Banks Must ‘treat hemp producers like the legal businesses they are,’ Following Tester Push
FinCEN’s expanded guidance evens the playing field for Montana hemp producers
After months of efforts to expand banking services for Montana hemp producers, U.S. Senator Jon Tester today announced that the Financial Crimes Enforcement Network (FinCEN) has updated its guidance to expand financial services available for hemp businesses.
“Montana hemp farmers have been subject to unfair bureaucratic red tape that has prevented them from accessing the financial services they need to thrive,” said Tester. “I’m glad FinCEN did the right thing for Montanans and will finally allow banks and credit unions to treat hemp producers like the legal businesses they are.”
FinCEN’s expanded guidance comes after a sustained push by Senator Tester to even the playing field for Montana hemp farmers. Tester previously secured guidance from clarifying the legal status of hemp growth and production so that banks are no longer required to file suspicious activity reports for customers solely because they grow or cultivate the plant.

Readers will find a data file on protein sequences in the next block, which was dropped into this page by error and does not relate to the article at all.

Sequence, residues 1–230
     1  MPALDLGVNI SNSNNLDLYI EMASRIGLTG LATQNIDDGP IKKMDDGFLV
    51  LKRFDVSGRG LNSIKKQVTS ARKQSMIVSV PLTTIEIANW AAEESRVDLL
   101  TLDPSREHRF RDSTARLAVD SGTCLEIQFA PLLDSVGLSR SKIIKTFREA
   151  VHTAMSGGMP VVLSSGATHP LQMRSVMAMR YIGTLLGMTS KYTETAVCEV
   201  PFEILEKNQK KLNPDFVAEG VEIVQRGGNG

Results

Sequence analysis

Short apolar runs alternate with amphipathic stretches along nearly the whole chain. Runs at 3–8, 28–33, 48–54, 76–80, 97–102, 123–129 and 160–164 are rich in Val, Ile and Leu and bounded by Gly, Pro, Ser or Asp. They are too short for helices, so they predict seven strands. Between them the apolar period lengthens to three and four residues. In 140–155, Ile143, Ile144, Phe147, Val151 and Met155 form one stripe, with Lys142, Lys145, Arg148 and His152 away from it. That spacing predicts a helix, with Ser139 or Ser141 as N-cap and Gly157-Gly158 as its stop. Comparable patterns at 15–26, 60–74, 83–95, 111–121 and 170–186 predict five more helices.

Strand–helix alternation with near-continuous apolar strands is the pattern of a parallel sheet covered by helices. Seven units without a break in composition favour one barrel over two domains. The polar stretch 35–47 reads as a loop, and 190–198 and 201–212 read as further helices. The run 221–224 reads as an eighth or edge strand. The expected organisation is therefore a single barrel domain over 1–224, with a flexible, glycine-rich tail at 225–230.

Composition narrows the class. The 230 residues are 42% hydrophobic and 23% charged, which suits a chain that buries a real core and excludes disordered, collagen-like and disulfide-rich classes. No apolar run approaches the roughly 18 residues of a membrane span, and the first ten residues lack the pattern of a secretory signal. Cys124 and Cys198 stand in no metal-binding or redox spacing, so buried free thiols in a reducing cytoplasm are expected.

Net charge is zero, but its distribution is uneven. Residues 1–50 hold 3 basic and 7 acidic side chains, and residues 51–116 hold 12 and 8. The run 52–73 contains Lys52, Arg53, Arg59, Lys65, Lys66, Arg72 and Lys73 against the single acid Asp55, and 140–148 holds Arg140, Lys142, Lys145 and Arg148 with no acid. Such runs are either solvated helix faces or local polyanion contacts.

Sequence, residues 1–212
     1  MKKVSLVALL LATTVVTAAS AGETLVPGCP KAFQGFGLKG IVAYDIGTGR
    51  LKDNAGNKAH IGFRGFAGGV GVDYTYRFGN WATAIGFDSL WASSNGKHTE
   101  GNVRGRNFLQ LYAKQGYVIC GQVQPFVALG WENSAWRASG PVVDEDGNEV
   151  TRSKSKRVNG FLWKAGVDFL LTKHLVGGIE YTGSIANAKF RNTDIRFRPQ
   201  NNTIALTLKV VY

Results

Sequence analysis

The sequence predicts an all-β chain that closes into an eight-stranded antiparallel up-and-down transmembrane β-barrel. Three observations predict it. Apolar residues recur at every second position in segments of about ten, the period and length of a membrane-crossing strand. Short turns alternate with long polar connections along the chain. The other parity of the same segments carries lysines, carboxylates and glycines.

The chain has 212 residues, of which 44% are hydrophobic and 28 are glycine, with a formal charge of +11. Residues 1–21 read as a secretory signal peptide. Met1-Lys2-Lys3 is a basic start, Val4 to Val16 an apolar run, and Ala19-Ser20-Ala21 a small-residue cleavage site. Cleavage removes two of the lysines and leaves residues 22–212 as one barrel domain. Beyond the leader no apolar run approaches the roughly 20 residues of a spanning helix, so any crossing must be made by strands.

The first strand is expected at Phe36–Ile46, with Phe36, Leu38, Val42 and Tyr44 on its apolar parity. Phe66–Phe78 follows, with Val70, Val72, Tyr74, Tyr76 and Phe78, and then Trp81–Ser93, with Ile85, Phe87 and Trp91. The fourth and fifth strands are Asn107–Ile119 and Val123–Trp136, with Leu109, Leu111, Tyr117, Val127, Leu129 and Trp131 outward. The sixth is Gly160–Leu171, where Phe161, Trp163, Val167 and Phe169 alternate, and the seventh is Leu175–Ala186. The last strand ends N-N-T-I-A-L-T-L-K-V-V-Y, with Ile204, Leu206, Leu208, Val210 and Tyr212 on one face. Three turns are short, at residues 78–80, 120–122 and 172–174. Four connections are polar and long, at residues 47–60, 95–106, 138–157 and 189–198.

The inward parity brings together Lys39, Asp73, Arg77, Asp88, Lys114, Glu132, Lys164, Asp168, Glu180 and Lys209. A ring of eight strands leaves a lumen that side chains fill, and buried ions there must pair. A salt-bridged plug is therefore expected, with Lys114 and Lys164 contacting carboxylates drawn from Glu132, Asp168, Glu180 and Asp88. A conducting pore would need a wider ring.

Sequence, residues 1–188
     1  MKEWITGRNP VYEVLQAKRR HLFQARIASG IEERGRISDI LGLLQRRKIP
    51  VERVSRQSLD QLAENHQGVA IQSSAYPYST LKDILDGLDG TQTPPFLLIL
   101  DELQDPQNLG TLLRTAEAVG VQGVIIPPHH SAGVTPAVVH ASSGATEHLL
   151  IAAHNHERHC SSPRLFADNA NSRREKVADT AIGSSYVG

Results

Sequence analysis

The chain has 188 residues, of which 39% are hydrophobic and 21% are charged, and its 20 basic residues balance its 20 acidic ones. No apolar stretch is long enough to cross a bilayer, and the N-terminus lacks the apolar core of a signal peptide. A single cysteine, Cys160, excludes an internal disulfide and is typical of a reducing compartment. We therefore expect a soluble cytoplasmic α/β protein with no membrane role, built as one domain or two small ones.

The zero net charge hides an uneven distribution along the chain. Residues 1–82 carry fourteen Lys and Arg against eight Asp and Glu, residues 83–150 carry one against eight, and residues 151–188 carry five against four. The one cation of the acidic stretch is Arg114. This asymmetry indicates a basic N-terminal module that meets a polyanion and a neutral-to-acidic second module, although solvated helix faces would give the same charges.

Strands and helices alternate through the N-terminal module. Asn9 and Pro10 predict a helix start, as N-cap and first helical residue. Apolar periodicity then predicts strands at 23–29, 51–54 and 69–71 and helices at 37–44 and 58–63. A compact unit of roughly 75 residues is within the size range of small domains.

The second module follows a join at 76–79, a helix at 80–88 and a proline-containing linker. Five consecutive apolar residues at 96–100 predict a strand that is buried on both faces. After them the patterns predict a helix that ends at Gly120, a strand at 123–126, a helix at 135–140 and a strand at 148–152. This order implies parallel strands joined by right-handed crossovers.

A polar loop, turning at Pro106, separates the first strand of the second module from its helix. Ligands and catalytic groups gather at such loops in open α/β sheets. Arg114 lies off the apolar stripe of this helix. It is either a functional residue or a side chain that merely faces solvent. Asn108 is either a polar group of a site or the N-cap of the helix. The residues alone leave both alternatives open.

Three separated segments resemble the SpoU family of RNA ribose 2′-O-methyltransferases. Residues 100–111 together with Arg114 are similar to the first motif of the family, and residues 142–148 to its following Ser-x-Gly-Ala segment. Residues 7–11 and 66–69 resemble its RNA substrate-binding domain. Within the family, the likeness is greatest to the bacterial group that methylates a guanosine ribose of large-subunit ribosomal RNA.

Last year, Tester successfully pressured the U.S. Department of Agriculture (USDA) to publish its long-awaited hemp rule that would ease regulations for Montana farmers. In a letter to USDA Secretary Perdue, Tester was the first member of Montana’s Congressional delegation to ask federal agencies to provide certainty for farmers by implementing the hemp guidance mandated by the 2018 Farm Bill.
Hemp was removed from the list of Schedule I controlled substances following the passage of the Agriculture Improvement Act of 2018, which permits producers to grow the crop. Last August, the National Credit Union Administration announced that it would provide financial services to legally operating hemp businesses and farmers. Last year’s Appropriations package provided access to guaranteed loans for hemp producers and encourages hemp research and education.